Category Code length Description
3–4 Combination locks with a three-number sequence. Later versions used four numbers, so that the access code could be divided between two people, each of whom would only know half of the sequence.
A 4 Electromechanical switches designed for ballistic missiles. The four-digit code was entered into the weapon using a portable electronic device.
B 4 Essentially identical in function to Category A, but designed with newer technology. Additionally, they could be activated via a wired remote, and were thus used on weapons launched by aircraft.
C 6 Featured a 6-digit switch, and allowed for only limited code attempts before lockout. Such behavior was pioneered in some late model Category B PALs.
D 6 All the features of the previous generation, but also allowed for the input of multiple types of codes, including ones that could set the device to a training mode, or disable the weapon entirely.
F 12 Expand the code length to 12 digits, and disable the weapon in addition to lockout after a series of failed code entry attempts. They also include the ability to control the magnitude of the nuclear reaction (the so-called dial-a-yield feature) and an emergency stop.[18]

Usage by other states[edit]

  Other NPT signatory

The increase in the number of nuclear-armed states was a similar cause for concern for the United States government for reasons similar to the original impetus for PALs. Thus, since the 1960s, the US has offered its own PAL technologies to other nuclear powers. The US considered this a necessary step: if the technology were kept secret, it would only be half as effective as possible, since the other power in a conflict might not have such safety measures.

In the early 1970s, France was an early recipient of United States assistance on this critical element of nuclear security. The Nuclear Non-Proliferation Treaty (NPT) went into effect in 1970 and precluded treaty members (including the US) from directly disseminating technology related to nuclear weapons development or enhancement. In order to get around this prohibition, the US developed a legal trick: "negative guidance". French nuclear scientists would regularly brief US scientists on French developments in the field of PALs, and the US scientists would tell their French counterparts whether they were on the right track. In 1971, the US also offered its technology to the Soviet Union, which developed a similar system.

In the early 1990s, the People's Republic of China requested information to develop its own PALs.[19] The Clinton administration believed that to do so would give too much information to the Chinese about American weapon design, and therefore, refused the request.

Following the dissolution of the Soviet Union, Ukraine had on its territory the world's third largest nuclear weapons stockpile.[20] While Ukraine had physical control of the weapons, it did not have operational control of the weapons as they were dependent on Russian-controlled electronic Permissive Action Links and the Russian command and control system. In 1994 Ukraine agreed to the destruction of the weapons, and to join the NPT.[21][22]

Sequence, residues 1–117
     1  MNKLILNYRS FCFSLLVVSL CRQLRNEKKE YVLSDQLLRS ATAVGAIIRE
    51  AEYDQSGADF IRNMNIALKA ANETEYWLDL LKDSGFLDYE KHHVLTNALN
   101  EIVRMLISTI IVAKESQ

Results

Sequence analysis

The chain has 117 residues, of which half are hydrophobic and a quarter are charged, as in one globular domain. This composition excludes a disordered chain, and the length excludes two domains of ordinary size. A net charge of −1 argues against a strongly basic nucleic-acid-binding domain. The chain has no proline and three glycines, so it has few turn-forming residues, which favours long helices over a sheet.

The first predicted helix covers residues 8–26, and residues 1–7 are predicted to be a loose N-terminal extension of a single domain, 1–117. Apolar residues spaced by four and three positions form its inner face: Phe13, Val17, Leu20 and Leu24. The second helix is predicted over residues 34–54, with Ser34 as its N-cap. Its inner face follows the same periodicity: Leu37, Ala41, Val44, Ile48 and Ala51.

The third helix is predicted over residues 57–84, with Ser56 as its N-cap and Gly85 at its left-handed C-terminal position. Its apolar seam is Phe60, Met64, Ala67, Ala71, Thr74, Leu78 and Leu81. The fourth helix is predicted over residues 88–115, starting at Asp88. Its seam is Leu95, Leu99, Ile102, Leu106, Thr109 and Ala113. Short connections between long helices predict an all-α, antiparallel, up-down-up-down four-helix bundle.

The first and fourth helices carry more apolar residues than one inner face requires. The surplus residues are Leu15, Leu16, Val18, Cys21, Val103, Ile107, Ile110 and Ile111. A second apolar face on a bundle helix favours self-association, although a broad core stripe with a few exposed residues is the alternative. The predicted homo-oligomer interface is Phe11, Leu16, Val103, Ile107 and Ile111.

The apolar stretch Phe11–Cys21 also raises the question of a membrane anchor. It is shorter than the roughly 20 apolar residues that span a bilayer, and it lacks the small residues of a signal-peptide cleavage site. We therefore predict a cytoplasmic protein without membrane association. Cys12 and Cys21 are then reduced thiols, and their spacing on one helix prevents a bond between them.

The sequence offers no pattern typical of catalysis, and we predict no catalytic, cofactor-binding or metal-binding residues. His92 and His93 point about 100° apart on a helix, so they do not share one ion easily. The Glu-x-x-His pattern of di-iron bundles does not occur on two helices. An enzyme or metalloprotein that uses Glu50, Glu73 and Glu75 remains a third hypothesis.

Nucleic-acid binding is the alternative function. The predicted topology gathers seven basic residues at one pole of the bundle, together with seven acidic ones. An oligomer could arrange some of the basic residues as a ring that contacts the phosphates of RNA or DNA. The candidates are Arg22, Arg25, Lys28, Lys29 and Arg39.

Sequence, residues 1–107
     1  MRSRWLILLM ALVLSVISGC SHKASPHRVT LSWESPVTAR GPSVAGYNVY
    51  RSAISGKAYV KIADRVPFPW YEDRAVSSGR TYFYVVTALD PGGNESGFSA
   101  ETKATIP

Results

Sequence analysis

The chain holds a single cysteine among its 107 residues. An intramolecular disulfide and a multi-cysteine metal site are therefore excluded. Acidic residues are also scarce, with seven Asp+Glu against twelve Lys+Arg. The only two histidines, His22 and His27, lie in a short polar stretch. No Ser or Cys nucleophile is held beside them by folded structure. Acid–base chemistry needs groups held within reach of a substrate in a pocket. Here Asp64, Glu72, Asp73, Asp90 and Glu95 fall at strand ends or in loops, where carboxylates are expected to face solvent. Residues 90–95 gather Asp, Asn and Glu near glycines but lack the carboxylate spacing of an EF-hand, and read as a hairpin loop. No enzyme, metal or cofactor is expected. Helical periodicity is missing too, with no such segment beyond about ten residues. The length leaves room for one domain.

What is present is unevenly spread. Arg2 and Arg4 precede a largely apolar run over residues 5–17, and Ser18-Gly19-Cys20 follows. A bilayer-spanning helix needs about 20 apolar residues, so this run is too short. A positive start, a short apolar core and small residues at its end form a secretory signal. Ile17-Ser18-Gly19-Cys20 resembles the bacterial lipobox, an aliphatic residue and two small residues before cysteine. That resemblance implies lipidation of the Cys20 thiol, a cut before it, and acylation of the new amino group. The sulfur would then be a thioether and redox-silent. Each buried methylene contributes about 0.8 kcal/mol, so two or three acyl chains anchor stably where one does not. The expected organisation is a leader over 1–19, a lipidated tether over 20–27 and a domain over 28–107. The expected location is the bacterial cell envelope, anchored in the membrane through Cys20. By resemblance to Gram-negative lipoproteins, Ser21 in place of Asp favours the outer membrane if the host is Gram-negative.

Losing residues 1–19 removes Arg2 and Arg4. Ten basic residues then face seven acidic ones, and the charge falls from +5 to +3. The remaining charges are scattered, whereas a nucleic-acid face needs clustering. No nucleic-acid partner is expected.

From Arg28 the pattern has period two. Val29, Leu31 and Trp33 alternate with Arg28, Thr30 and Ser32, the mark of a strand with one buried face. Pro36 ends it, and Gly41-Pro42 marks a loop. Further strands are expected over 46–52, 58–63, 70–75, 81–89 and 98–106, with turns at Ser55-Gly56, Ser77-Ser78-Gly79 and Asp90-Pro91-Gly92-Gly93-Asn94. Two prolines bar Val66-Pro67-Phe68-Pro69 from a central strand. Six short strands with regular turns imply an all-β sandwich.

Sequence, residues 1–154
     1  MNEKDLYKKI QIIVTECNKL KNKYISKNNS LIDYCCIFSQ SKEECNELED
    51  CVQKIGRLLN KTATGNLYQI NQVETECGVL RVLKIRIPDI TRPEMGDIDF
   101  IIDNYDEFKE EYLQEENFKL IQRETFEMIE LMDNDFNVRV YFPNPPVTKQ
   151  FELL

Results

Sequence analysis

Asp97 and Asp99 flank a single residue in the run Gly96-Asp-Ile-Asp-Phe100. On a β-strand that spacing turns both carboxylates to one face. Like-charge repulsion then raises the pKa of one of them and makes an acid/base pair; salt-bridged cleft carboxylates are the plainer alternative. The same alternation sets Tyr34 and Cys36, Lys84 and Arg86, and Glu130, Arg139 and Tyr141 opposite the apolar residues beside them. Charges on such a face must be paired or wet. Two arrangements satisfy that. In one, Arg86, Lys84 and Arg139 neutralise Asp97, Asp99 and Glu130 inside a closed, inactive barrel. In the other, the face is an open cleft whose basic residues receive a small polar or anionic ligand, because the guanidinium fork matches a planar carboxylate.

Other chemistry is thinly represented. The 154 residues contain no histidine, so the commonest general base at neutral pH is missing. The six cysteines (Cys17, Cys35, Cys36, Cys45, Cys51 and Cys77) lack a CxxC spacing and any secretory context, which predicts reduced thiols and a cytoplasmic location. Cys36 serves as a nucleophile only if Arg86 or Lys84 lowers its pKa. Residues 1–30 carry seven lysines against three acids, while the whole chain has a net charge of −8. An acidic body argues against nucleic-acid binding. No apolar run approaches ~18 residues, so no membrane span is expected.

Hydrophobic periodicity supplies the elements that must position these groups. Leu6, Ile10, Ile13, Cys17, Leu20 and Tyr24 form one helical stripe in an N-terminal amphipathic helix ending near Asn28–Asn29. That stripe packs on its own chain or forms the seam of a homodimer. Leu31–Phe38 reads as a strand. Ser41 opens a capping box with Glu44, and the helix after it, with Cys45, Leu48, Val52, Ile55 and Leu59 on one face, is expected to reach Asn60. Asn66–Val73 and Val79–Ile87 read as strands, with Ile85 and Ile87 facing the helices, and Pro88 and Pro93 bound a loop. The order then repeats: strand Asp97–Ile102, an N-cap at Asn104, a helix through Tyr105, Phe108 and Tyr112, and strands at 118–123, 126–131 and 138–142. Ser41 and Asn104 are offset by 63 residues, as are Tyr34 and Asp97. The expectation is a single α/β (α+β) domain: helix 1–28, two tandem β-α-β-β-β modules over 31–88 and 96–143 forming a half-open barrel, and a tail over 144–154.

In 2007, the UK Government revealed that its nuclear weapons were not equipped with Permissive Action Links. Instead, the UK's nuclear bombs to be dropped by aircraft were armed by just inserting a key into a simple lock similar to those used to protect bicycles from theft. The UK withdrew all air-launched bombs in 1998. The current UK Trident warheads can also be launched by a submarine commander with the support of his crew without any code being transmitted from the chain of command.[23]

Pakistani truck-mounted IRBMs on display at the IDEAS 2008 defense exhibition in Karachi, Pakistan.

Detailed information about PAL systems design and their use is classified, although these mechanisms have been offered to Pakistan[24] for protection of their nuclear weapons.[25] In the end, the US decided that it could not do so for legal reasons; the Pakistanis were also concerned that such technology would be sabotaged by a "kill-switch" that the US could operate. However, many experts in the field of nuclear technology in the US government supported the publication of the PAL system because they considered Pakistan's arsenal as the world's most vulnerable to abuse by terrorist groups.

Whether it's India or Pakistan or China or Iran, the most important thing is that you want to make sure there is no unauthorized use. You want to make sure that the guys who have their hands on the weapons can't use them without proper authorization.

— Harold M. Agnew, former director, Los Alamos National Laboratory

In November 2007, the New York Times revealed that the US has invested $100 million since 2001 in a secret program to protect Pakistan's nuclear arsenal. Instead of transferring PAL technology, the US provided helicopters, night vision and nuclear detection devices, as well as training to Pakistani personnel in order to prevent the theft or misuse of Pakistan's nuclear material, warheads, and laboratories.[25]